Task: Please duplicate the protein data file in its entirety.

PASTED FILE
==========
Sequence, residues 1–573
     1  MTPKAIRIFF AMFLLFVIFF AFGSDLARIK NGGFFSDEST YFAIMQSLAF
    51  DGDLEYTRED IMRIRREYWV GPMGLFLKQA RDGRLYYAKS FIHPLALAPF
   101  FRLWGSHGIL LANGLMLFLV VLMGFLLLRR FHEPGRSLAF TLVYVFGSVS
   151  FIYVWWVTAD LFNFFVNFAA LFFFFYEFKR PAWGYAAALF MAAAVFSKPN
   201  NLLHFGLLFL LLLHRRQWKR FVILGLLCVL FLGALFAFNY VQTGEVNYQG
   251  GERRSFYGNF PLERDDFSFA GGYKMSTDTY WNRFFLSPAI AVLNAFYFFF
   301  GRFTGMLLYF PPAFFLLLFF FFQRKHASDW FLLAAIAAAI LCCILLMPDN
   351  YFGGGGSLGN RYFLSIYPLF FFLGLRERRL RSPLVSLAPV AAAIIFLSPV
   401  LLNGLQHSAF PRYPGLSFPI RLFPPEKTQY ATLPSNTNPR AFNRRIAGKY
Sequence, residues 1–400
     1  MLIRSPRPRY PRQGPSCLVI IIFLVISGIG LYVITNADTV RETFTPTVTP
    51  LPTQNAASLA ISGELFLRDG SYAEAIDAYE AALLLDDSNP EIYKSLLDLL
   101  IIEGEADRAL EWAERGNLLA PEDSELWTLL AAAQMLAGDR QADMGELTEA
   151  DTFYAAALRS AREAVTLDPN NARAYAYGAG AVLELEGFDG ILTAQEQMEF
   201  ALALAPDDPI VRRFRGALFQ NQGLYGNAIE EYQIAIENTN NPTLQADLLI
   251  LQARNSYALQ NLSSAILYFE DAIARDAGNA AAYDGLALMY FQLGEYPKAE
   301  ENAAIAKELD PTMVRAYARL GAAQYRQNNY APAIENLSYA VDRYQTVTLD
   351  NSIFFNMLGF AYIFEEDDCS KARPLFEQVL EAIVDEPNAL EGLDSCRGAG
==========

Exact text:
Sequence, residues 1–573
     1  MTPKAIRIFF AMFLLFVIFF AFGSDLARIK NGGFFSDEST YFAIMQSLAF
    51  DGDLEYTRED IMRIRREYWV GPMGLFLKQA RDGRLYYAKS FIHPLALAPF
   101  FRLWGSHGIL LANGLMLFLV VLMGFLLLRR FHEPGRSLAF TLVYVFGSVS
   151  FIYVWWVTAD LFNFFVNFAA LFFFFYEFKR PAWGYAAALF MAAAVFSKPN
   201  NLLHFGLLFL LLLHRRQWKR FVILGLLCVL FLGALFAFNY VQTGEVNYQG
   251  GERRSFYGNF PLERDDFSFA GGYKMSTDTY WNRFFLSPAI AVLNAFYFFF
   301  GRFTGMLLYF PPAFFLLLFF FFQRKHASDW FLLAAIAAAI LCCILLMPDN
   351  YFGGGGSLGN RYFLSIYPLF FFLGLRERRL RSPLVSLAPV AAAIIFLSPV
   401  LLNGLQHSAF PRYPGLSFPI RLFPPEKTQY ATLPSNTNPR AFNRRIAGKY
Sequence, residues 1–400
     1  MLIRSPRPRY PRQGPSCLVI IIFLVISGIG LYVITNADTV RETFTPTVTP
    51  LPTQNAASLA ISGELFLRDG SYAEAIDAYE AALLLDDSNP EIYKSLLDLL
   101  IIEGEADRAL EWAERGNLLA PEDSELWTLL AAAQMLAGDR QADMGELTEA
   151  DTFYAAALRS AREAVTLDPN NARAYAYGAG AVLELEGFDG ILTAQEQMEF
   201  ALALAPDDPI VRRFRGALFQ NQGLYGNAIE EYQIAIENTN NPTLQADLLI
   251  LQARNSYALQ NLSSAILYFE DAIARDAGNA AAYDGLALMY FQLGEYPKAE
   301  ENAAIAKELD PTMVRAYARL GAAQYRQNNY APAIENLSYA VDRYQTVTLD
   351  NSIFFNMLGF AYIFEEDDCS KARPLFEQVL EAIVDEPNAL EGLDSCRGAG